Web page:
Assessment is an element that drives the work in most K-12 classrooms for students, and professional development for educators. When you employ assessment strategies, you use a tool (such as questioning, written prompts, test, survey) to get information from a learner that can help you develop further learning experiences.
For example, a teacher may issue a quiz at the end of a unit to assess what students have learned, your boss may ask you to complete an evaluation survey to better serve you as their employee, or you may prompt your clients to reflect through a few written questions in order to figure out next steps for working together. The data you get from your assessment is feedback. It is the information given (back) as a result of an experience (which was designed to feed someone’s mind).
Giving and receiving feedback is a process through which something can be improved. While the recent focus in the K-12 industry has been on student assessment, it is important to also remember the role assessment plays for educators.
In considering how we design assessments to evaluate the educator’s professional development experience, we have to be clear on the purpose and intention of feedback. The purpose can be thought of like a long term end goal. Your purpose for obtaining feedback will generally align with the mission of your company or organization. The intention is like an objective, and is often very specific. Your feedback prompts will generally reflect your intent. For example, you may aspire to improve delivery by showing an increase in participant ratings from a 3 to 4. In this case, improving delivery is your purpose and higher ratings are the intent.
Feedback has played a key role in the development of my career as a math- and data-focused professional development facilitator. As a facilitator, my goal is to help feed the minds of others through guided learning. When I ask participants to reflect on their learning they give insight into what worked well, what could be improved, what they are still wondering, and what they need– or, feedback.
When designing feedback for your team it’s important to be aware of where you are with processing feedback. Are you seeking to improve something specifically to help you? Do you want to know how an experience was like for others? Are you interested in learning what others need?
Feedback can serve you in various ways.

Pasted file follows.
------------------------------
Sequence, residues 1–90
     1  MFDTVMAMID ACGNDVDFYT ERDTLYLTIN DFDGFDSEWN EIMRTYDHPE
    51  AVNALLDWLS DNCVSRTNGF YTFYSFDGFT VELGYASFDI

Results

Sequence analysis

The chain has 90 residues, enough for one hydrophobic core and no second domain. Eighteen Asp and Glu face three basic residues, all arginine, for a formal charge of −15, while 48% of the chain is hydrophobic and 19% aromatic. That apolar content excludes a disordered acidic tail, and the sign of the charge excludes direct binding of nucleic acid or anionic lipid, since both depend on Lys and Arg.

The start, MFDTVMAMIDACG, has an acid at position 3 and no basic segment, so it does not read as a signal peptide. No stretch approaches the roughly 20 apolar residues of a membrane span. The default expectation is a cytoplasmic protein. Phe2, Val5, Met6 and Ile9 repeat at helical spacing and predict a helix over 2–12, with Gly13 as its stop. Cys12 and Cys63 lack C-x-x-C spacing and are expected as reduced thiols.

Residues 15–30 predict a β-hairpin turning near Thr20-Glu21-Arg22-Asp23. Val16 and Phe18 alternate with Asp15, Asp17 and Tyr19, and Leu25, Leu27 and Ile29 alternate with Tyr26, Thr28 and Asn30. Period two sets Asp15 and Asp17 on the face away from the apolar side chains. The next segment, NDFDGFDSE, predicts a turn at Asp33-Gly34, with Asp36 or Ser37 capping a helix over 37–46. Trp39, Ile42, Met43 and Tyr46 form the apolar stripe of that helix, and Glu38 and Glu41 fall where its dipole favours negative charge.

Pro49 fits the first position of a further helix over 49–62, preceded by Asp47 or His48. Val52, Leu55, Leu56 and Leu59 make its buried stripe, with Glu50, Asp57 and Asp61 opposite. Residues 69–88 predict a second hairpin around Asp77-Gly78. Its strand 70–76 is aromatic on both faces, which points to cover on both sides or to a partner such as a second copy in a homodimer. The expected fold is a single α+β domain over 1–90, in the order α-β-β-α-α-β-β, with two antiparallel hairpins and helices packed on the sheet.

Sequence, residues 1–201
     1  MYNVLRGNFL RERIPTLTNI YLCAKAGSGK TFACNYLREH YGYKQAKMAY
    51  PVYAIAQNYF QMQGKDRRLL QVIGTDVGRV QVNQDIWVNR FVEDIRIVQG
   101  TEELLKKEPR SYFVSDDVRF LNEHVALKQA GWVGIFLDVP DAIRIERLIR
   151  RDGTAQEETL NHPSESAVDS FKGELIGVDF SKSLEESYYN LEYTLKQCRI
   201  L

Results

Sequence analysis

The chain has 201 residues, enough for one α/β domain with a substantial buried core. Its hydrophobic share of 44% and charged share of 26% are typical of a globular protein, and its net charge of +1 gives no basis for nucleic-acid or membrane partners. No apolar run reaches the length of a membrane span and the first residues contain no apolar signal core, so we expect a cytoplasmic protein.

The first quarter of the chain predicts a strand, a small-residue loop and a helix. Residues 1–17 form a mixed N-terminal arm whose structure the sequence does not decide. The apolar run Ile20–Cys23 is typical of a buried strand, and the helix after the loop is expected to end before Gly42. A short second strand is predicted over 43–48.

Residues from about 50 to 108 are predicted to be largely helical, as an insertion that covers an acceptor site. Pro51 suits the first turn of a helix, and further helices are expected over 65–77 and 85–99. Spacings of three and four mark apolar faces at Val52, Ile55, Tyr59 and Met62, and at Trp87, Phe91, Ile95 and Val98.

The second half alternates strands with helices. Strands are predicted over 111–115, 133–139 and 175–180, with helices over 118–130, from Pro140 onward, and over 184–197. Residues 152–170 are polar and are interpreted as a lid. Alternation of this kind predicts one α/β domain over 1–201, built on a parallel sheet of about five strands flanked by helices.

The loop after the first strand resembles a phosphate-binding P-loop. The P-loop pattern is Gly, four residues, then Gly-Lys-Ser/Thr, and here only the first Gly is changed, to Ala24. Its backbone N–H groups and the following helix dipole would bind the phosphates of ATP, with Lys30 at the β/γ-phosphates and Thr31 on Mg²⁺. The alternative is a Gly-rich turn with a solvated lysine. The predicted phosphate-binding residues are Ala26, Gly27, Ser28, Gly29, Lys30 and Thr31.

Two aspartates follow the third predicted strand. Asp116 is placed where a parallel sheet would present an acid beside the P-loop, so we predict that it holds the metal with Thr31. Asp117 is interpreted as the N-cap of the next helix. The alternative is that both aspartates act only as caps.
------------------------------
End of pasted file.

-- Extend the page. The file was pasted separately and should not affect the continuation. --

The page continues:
- Understanding the Self: My career has formally spanned 13 years. In the first 3-4 years I used feedback from students and adult learners to help me hone my craft as an educator. During this time I had an insatiable desire for feedback because I wanted to become better, and the feedback guided changes I made in my practice. I became better by learning more about who I was as a facilitator, and that reflection was given to me through feedback.
- Understanding Others: During the middle of my career, feedback helped me learn more about my client. I reached a level of confidence in my craft that allowed me to shift the focus onto those people impacted by my work. I sought to understand how people experienced learning and also what motivated them through learning.
- Serving Others: The past few years, my interest in the work has shifted to a more global perspective, as I seek to discover ways to impact educators on a broader scale through professional development. As you can imagine, the feedback I seek at this point is focused on ascertaining a greater need of not only clients, but the environments that shape their experiences in the industry, and the elements within that space that contribute to the client’s growth. The feedback I design at this stage comes more from informal assessments of the client’s experience, rather than direct and concrete feedback prompts.
These three ways show how my perspective of feedback has shifted over the past decade, growing from a desire to be a better educator, to aspiring to impact greater change. As my personal mission grew, so did my relationship with feedback.
Administrators, what are your teachers feeding you back? Your gathering of data needs to be purposeful and designed with intention in order to help you and your grow. After all, feedback really is the breakfast of champions!
7 Questions for Your Best Professional Development Plan
Plan now for better results
Is your school or district PD plan truly a system of strategic, ongoing education that supports student learning, teacher growth, and larger institutional goals? This guide will help you ask the right questions to ensure that your PD experiences are effective and practical.